TPA5035 – Listening: Leadership Job #1

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TPA5035 - Listening: Leadership Job #1 - THE PEER ADVANTAGE

The owner was pompous. He relished being “the boss.” He was middle-aged. I was in college. This was retail. I was selling stereo gear and going to school. He was just another boss teaching me how NOT to lead and manage. Fact was, in my opinion, he wasn’t good (or effective) at either. But thankfully he had a manager who both good and effective. In that one job, I was able to watch and learn both sides of the coin. How not to do it. How to do it.

Here we were on the frontlines of retailing serving customers for hours each day. We heard their questions. We heard their requests. Every day we stood toe-to-toe in conversation with our customers. The owner never sought out our opinions or insights. It frustrated all of us.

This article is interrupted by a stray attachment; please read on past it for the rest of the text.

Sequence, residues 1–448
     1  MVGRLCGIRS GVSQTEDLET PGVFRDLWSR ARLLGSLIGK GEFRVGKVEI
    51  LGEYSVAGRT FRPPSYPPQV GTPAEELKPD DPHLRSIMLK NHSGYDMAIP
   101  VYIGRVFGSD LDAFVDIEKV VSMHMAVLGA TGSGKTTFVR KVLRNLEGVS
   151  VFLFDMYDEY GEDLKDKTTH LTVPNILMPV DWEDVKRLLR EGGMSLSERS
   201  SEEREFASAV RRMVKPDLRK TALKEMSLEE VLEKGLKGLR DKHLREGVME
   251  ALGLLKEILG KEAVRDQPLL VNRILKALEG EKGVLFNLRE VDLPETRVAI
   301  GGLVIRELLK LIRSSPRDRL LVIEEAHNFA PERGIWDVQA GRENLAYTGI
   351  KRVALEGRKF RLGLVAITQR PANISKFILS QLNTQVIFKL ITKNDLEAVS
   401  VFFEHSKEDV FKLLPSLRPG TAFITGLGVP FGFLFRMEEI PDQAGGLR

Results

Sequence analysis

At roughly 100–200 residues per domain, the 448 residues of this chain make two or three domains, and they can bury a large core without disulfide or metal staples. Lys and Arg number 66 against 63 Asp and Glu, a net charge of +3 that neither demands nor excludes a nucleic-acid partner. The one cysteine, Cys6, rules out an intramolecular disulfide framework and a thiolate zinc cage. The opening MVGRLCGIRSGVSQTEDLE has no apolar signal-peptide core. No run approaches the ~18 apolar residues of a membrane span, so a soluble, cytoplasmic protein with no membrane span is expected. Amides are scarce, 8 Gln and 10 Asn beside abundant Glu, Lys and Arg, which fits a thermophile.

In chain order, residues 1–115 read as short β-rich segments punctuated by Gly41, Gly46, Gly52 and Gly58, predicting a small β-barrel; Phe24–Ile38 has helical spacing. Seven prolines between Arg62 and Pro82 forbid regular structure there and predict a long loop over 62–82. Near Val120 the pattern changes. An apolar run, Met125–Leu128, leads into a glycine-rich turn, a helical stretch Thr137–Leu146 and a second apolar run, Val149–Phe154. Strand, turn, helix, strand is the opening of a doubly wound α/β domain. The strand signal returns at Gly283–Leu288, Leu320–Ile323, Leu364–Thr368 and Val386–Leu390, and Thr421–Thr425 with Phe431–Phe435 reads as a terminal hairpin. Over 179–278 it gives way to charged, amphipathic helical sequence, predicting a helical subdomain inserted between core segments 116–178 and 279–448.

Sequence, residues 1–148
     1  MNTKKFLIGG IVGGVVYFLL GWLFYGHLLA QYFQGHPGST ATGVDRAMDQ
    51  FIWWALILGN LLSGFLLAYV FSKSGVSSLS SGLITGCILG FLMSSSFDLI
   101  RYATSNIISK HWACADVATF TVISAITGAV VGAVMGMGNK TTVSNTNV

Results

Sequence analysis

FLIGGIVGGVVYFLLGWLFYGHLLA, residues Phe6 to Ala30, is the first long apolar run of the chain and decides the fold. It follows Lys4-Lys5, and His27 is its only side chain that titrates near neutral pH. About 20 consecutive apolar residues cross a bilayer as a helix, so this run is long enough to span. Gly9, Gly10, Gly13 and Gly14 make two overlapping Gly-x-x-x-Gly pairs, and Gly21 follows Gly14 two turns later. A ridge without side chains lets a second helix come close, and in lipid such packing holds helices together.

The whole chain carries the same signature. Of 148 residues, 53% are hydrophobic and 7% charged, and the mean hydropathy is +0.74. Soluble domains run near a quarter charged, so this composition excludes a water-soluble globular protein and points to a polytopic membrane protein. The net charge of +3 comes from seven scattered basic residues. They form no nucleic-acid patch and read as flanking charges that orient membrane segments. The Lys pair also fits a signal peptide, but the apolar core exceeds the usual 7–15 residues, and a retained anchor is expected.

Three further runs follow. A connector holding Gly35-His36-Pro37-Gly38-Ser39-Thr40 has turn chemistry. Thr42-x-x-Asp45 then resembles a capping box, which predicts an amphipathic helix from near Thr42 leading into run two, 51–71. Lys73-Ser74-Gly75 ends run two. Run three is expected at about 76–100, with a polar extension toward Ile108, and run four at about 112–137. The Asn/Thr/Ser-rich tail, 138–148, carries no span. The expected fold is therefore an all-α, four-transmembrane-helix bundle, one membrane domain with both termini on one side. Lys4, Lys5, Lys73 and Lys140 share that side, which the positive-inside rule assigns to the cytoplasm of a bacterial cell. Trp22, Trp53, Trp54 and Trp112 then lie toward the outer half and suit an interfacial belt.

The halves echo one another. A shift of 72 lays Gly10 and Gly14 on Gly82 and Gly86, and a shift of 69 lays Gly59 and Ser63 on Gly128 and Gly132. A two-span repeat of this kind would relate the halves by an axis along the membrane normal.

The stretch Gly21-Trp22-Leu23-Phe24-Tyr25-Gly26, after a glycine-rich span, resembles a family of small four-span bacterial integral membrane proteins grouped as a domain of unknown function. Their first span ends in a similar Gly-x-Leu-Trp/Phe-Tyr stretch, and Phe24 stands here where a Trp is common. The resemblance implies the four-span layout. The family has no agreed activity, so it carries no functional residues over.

Instead, he barked out orders, passed down edicts and made policy changes that seemed whimsical. I never remember him approaching us, or asking us to approach him. Daily I’d think, “There’s quite a bit of brain power running around here. Why doesn’t he tap into it?” The answer was pretty simple: he was too busy being “the boss” to care. Like so many bosses, he behaved as though he were the smartest guy in the room (any room). Who were we? A bunch of college kids! Nobodies. 

Bosses of all ilks are susceptible to the same blind spots. Getting it wrong by diminishing the value of their team. Collectively and individually. 

Come on, you’re the boss! There’s no way your team members can know more you. No way they can know better than you. Why should you engage them in problem-solving?